(ABOVE: Empty room at Piccolo’s – photo by Gail Job, April 2015)
As municipalities nationwide begin imposing restrictions on venues and businesses, the knock-on economic effect will be unprecedented. Small, local businesses—which account for the heart and soul of a regional economy—are the ones most likely to feel the most severe impact of these drastic provisional constraints.
“Principal concern is paying employees when business slows down and even worse if we have to close,” says Clemence Mayet Danko, owner of Choc-O-Pain French Bakery & Cafe—with four locations throughout Hoboken and Jersey City. “That prevents me from sleeping at night.” She adds, “Then there will be paying rent…”
Dave Carney, owner of The Madison Bar & Grill, echoes similar concerns.
“There’s pay for 50 employees, [our] rent is due soon, State taxes due on 20th, liquor bills due at the end of the week,” he says. “Then there are the start up costs when we’re able to open again.”
Hoboken, Jersey City, Weehawken, Union City and even New York City have announced aggressive measures to fight the spread of Coronavirus, in an effort to “flatten the curve” of contagion by limiting social contact. That means bars, restaurants, gyms, theaters, daycares, and schools regionwide are closed. This trend will likely become a response nationwide in the days, weeks, and months to come.
“It’s not about me,” says Carney. “I can survive for a few months at home.”
Another restaurant owner tells hMAG that despite the remaining segment of take-out orders and deliveries, business in his establishment is obviously coming up well short of what they need keep the lights on.
“It’s nowhere near covering our normal sales,” he tells us. “Meanwhile we have people that no longer need to be on staff—waiters, busboys, bartenders. They no longer have a source of income, and most of them live paycheck to paycheck.”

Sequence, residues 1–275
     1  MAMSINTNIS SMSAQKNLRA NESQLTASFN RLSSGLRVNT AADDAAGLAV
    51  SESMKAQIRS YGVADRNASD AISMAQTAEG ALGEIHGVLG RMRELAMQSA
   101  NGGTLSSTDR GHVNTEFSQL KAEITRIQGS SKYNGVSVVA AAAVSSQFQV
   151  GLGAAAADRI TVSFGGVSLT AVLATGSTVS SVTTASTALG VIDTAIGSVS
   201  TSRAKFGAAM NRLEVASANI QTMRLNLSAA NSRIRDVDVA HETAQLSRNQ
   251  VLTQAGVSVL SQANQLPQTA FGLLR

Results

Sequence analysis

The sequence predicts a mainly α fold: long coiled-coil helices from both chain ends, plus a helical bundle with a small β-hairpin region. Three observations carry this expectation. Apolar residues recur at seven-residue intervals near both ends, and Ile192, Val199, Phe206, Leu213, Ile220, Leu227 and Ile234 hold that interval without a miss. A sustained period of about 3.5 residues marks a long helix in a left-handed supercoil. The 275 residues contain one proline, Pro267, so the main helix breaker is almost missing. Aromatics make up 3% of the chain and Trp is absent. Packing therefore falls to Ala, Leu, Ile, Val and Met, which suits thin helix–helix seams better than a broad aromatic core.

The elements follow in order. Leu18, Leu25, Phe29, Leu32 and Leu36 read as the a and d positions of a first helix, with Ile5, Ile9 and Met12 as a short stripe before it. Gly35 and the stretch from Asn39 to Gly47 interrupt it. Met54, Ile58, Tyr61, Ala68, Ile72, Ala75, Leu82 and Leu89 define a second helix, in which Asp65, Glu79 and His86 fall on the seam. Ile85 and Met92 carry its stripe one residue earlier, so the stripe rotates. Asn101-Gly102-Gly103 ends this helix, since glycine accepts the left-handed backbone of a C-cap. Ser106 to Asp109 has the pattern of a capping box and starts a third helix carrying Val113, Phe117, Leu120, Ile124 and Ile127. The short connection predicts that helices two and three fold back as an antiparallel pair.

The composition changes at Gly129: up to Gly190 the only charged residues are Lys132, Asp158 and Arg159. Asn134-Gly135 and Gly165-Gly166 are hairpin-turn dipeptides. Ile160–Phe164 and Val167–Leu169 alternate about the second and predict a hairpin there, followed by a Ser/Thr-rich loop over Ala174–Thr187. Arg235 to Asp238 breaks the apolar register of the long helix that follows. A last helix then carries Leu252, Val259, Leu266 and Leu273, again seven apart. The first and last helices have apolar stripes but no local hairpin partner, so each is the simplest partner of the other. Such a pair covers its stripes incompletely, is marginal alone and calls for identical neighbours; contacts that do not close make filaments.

“I’m very concerned about the economic ramifications,” he says. “I’m not really worried about the disease—we’ve done everything we can to sterilize our establishment. I’m more concerned about these draconian measures,” he says. “I think it’s an overreaction.”
***CLICK HERE for CDC Business Guidelines and an Outbreak Response Plan***
Hoboken Mayor Ravi Bhalla, who announced the closure of that city’s bars and restaurants, has been in touch with U.S. Senator Robert Menendez, Senator Cory Booker and Congressman Albio Sires, expressing his concerns on behalf of Hoboken’s business owners.
“As you may be aware, the City of Hoboken was the first in the country to mandate the closure of bars and restaurants in order to enhance social distancing and help slow the spread of the COVID-19 virus. Multiple states and cities across the country have already implemented similar restrictions, and I am certain that others will as well in the days ahead,” says the Mayor in a letter.
“While I believe this decision will save lives, I also know that our small businesses and their employees are suffering. Business owners fear that an extended closure will make it difficult if not impossible to remain in business. Their employees—many without benefits—don’t have the option of working from home, and they are fearful. We need the help and resources of the federal government now more than ever.”
Currently, the U.S. Small Business Administration (SBA) is granting low-interest disaster relief loans on a case-by-case scenario.
According to their website, “The U.S. Small Business Administration is offering designated states and territories low-interest federal disaster loans for working capital to small businesses suffering substantial economic injury as a result of the Coronavirus (COVID-19). Upon a request received from a state’s or territory’s Governor, SBA will issue under its own authority, as provided by the Coronavirus Preparedness and Response Supplemental Appropriations Act that was recently signed by the President, an Economic Injury Disaster Loan declaration.”
***CLICK HERE for SBA disaster relief loan application information***
In his letter, Bhalla states, “I applaud you and your colleagues for quickly passing the bipartisan emergency relief package for free coronavirus testing, paid sick, family and medical leave, unemployment insurance, and food assistance programs. I am encouraged that there is already a discussion about a third legislative package, and I urge you in the strongest terms to include meaningful relief for our small businesses and their employees.”
Acknowledging the unprecedented uncertainty, the Mayor says, “We are in uncharted waters, trying to navigate through an unprecedented global crisis. What is clear is that this is not a time for half-measures – we must pursue bold solutions to give our businesses a fighting chance.”